Faith community crucial to health care reform
Written by W. Evan Golder
December 2001



Left: Rep. John Conyers Jr. (D-Mich.) addresses the crowd at the UHCAN conference. Right: Diane Lardie, National Executive Director of UHCAN (left); Loretta Richardson and Barbara Baylor of the UCC, former and present UCC ministers for health, respectively; and the Rev. Linda Hanna Walling of UHCAN's Faith Project at UHCAN's 10th National Conference. W. Evan Golder photos.

 

 

Are you a church member who is concerned about health care reform?

That makes sense, says the Rev. Linda Hanna Walling, a Christian Church (Disciples of Christ) minister who serves as Faith Project Director for UHCAN, the Universal Health Care Action Network.

UHCAN drew 110 persons to its 10th National Conference Nov. 16-18 in Baltimore. Participants included many church people wanting to right the wrongs of health care access.

"UHCAN is strongly committed to the moral imperative of health care for all," says Walling. "Healing and wholeness are part of every religion's teaching. But in the United States, health and wholeness are not part of everyone's experience. The sinfulness of lack of access to health care blocks this. This is one of our country's great injustices."

Health Care Resolution

UHCAN's Faith Project offers two ways for churches to get involved. One is to organize a Health Care Justice Sabbath observance in April 2002.

The other is to endorse the Health Care Access Resolution (official name: House Concurrent Resolution 99) and to encourage Members of Congress to cosponsor it.

This resolution directs Congress to enact legislation by October 2004 that provides access to comprehensive health care for everyone in the United States.

It lists 14 key attributes of a just and efficient health care system, e.g., affordability, cost efficiency, early intervention and timely payments for providers. It does not specifically endorse any one model of reform.

An afternoon panel on state efforts to reform the health care system lifted up the importance of church participation.

"The faith community is the only major group that can get the people out," said Vinny DeMarco, Director of the Maryland Citizens Health Initiative.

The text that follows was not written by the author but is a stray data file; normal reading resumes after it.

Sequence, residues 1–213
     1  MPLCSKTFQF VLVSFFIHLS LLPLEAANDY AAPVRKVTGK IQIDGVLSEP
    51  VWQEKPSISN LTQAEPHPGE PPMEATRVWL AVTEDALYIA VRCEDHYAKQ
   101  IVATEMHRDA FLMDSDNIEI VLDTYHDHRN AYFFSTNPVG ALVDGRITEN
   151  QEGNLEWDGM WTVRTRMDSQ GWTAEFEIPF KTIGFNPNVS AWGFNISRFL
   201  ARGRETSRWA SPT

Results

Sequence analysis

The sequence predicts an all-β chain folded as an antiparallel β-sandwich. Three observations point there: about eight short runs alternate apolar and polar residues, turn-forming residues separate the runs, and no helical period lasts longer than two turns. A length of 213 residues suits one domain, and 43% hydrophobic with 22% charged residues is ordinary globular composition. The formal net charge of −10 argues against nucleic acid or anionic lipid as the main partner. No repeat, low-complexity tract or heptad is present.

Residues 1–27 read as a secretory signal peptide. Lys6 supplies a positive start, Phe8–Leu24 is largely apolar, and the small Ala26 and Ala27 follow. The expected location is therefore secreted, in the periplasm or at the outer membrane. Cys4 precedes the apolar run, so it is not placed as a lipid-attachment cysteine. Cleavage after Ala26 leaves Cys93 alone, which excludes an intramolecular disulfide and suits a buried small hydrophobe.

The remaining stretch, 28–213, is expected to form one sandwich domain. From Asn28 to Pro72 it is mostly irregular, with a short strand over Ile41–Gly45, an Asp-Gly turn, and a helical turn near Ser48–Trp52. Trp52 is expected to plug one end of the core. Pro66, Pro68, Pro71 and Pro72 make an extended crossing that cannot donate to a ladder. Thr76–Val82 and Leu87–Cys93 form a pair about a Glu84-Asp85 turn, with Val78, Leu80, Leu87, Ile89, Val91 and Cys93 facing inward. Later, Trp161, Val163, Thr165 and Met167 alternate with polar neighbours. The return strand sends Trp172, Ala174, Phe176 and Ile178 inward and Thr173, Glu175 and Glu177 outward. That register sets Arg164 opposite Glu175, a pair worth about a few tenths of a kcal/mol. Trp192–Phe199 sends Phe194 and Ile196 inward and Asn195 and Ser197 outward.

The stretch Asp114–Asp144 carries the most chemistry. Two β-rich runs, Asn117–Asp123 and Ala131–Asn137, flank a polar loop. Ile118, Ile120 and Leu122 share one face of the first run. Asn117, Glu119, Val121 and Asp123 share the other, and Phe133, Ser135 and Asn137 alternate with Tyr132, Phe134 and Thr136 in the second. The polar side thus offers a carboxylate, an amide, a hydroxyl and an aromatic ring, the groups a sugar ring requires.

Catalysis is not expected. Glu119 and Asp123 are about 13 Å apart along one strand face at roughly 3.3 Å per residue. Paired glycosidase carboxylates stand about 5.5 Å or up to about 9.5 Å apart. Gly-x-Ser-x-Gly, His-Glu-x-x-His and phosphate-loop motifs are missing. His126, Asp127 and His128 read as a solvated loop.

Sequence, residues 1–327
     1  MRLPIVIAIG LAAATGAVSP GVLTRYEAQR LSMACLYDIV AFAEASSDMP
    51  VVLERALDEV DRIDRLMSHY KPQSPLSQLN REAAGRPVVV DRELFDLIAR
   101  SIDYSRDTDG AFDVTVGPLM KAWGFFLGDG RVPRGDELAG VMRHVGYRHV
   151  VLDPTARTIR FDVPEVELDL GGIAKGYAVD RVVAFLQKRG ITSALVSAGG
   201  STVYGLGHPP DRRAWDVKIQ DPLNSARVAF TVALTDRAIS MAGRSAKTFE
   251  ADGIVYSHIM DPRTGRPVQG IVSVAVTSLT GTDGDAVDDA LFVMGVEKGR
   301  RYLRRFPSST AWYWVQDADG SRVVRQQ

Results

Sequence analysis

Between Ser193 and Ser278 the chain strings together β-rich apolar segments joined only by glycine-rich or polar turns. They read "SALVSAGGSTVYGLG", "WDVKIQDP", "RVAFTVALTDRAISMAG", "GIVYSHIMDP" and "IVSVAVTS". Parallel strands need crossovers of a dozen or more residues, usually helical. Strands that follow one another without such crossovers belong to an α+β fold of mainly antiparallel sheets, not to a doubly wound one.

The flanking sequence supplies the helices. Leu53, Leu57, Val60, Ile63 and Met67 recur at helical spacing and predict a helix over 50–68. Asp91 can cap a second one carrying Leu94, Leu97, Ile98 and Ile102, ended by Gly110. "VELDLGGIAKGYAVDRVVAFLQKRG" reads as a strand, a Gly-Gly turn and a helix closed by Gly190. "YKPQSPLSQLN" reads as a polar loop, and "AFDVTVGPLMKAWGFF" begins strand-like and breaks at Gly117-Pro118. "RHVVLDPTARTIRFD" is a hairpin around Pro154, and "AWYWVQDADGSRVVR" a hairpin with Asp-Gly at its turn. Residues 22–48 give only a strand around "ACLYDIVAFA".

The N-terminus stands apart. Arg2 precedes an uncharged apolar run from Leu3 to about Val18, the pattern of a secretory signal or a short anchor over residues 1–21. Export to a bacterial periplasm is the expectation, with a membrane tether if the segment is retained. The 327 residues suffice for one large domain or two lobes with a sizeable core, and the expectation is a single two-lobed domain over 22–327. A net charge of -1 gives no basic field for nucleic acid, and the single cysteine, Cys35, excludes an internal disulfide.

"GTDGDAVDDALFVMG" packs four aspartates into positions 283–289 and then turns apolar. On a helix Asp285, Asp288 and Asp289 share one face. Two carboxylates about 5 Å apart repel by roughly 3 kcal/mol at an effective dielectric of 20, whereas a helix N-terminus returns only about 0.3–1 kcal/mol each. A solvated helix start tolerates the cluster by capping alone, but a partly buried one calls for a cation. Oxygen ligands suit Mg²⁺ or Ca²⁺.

In Maine on Nov. 6, Portland voters approved a non-binding resolution urging Maine to become the first state with universal health care. The resolution passed 52 percent to 48 percent, despite supporters spending only $25,000 compared with $382,000 spent by health insurance companies to oppose it.

Costs less, serves more

"The faith community was an important part of our coalition," said John Dieffenbacher-Krall, co-director of the Maine People's Alliance. He estimated that for 2001, a single-payer health care plan would have cost $5.1 million, while the current system will cost $5.5 million.

Another speaker who asserted that universal health care will cost less than we spend now and cover many more people was Congressman John Conyers Jr. (D-Mich). Conyers, who has been introducing universal health care legislation for nearly three decades, is the lead sponsor of the Health Care Access Resolution.

Conyers said that he has a dozen legislative proposals as to how to patch the net of health care delivery ? "and so does every other member of Congress," he said. "The problem is, the whole system is crumbling. That's why we need a new system."

Learn more

To discuss health care reform, click  here.

To learn about UHCAN's Faith Project, contact: The Rev. Linda Hanna Walling, UHCAN, 2800 Euclid Ave. #520, Cleveland, OH 44115-2418; phone 216-241-8422; fax 216-241-8423; e-mail  walling@uhcan.org.

To learn how people of faith can work for health care justice, including Health Care Access Sunday and the Health Care Access Resolution, visit www.uhcan.org.

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